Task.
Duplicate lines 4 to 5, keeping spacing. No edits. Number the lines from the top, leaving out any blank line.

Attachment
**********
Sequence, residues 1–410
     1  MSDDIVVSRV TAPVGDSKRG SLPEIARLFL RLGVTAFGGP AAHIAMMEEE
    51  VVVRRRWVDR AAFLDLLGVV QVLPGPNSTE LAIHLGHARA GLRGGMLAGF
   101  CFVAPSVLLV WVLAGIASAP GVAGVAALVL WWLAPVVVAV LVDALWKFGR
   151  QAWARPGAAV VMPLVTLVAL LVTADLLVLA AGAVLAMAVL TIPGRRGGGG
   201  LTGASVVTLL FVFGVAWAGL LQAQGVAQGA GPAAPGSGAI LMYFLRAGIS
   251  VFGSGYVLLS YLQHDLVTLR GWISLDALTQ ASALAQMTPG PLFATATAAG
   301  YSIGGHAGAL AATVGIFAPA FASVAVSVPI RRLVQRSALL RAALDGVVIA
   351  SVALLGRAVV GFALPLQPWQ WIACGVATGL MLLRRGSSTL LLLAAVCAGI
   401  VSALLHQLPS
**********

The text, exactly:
   101  CFVAPSVLLV WVLAGIASAP GVAGVAALVL WWLAPVVVAV LVDALWKFGR
   151  QAWARPGAAV VMPLVTLVAL LVTADLLVLA AGAVLAMAVL TIPGRRGGGG